But one criminal case on which they did act today, involving the Sixth Amendment right to confront the prosecution’s witnesses in a criminal trial, drew a dissent from the unlikely pairing of Justices Neil Gorsuch and Sonia Sotomayor.
Sotomayor joined Gorsuch’s dissent from the denial of review in Stuart v. Alabama. The defendant in the case, Vanessa Stuart (who has since changed her name to Vanessa American Horse), was charged with driving under the influence and criminally negligent homicide after she rear-ended Tiffany Howell’s car, causing Howell to strike a tree and die.
At Stuart’s trial, prosecutors introduced lab reports as evidence of Stuart’s blood alcohol level. But they did not ask the scientist who signed the lab report to testify. And that omission, Stuart contended, was inconsistent with Bullcoming v. New Mexico, in which the Supreme Court held that introducing a lab report at trial without testimony from the person who prepared the report violates the Sixth Amendment’s confrontation clause, which gives a defendant the right “to be confronted with the witnesses against him.”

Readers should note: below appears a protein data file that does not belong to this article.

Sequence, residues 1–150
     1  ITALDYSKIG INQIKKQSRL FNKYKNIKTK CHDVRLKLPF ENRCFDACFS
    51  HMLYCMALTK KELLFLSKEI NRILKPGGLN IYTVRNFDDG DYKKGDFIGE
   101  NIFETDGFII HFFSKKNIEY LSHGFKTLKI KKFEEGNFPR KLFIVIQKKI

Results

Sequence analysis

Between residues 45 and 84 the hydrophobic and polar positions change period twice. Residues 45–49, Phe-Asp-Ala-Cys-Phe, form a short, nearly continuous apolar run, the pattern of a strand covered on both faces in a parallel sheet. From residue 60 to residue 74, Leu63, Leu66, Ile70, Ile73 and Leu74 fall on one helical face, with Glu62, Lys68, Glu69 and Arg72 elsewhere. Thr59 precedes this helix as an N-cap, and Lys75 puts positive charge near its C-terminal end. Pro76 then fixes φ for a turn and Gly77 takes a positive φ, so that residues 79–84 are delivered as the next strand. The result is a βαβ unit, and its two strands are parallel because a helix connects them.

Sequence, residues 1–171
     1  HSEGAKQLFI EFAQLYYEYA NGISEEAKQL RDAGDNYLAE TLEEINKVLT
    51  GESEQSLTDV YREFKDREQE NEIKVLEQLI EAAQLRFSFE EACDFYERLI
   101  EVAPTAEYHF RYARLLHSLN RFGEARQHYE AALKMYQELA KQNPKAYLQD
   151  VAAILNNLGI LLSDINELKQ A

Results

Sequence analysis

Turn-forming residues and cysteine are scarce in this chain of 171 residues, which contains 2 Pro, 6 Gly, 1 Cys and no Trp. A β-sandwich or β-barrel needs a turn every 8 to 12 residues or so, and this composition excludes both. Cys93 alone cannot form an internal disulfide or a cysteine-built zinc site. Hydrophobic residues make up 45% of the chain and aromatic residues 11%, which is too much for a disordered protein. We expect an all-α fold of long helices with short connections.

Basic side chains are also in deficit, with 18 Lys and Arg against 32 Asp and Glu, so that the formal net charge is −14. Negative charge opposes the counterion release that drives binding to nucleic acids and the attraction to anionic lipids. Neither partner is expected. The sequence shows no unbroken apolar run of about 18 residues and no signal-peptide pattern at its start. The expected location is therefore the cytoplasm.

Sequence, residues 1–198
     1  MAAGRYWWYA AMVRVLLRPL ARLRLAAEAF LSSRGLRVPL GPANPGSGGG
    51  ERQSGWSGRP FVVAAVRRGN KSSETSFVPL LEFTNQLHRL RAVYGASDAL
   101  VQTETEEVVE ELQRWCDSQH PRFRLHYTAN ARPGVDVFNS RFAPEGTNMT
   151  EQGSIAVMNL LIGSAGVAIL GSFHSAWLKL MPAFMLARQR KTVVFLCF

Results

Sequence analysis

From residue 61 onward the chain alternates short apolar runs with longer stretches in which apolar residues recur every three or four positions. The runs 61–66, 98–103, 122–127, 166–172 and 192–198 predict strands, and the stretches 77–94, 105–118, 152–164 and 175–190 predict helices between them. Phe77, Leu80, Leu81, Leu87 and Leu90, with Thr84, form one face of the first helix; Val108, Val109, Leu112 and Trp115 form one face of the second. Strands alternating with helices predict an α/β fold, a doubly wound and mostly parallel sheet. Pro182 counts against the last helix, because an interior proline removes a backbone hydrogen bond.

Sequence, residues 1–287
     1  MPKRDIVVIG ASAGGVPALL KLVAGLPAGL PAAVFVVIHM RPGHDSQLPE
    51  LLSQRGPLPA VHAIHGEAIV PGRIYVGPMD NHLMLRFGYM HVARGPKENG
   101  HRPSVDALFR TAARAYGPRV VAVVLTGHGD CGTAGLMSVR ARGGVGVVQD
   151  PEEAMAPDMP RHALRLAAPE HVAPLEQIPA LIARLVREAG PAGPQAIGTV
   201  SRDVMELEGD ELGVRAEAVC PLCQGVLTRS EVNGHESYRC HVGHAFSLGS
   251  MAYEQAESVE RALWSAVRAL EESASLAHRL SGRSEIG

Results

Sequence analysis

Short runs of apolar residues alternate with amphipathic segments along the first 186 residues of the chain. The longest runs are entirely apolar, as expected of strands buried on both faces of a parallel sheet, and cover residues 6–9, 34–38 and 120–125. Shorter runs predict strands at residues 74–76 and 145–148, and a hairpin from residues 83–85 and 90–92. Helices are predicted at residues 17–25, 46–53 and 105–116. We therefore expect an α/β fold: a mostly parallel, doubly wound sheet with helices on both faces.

The justices turned down Stuart today, over a four-page dissent from Gorsuch, who began by noting that because “cross-examination may be the greatest legal engine ever invented for the discovery of truth, the Constitution promises every person accused of a crime the right to confront his accusers.” “That promise,” Gorsuch continued, “was broken here.”
Gorsuch went on to explain that, although the state court’s errors in Stuart’s case were in his view obvious, they were also understandable, because the Supreme Court’s opinions on the confrontation clause – and in particular a 2012 case in which no rule was able to garner a majority of the votes – “have sown confusion.” He (and Sotomayor) would have granted review to clarify some of the issues surrounding cases like Stuart’s.
In other news, Willie Falcon was deported... but not to Cuba. He was sent to the DR. From the Miami Herald:
One of South Florida’s most infamous cocaine cowboys — Willie Falcon — has been deported to the Dominican Republic after his bid to stay in the United States failed following his 20-year prison sentence on a drug-related money-laundering conviction.
Falcon, 62, was deported earlier this month because he was a convicted felon without U.S. citizenship. He had been held in Louisiana since June 2017 by immigration authorities who at first sought to deport him to his native Cuba.
But Falcon, who recently lost his final federal court appeal to block his deportation, won’t be sent to Cuba as he and his Miami family members initially feared, according to federal officials. The Dominican Republic government agreed to accept Falcon as a resident.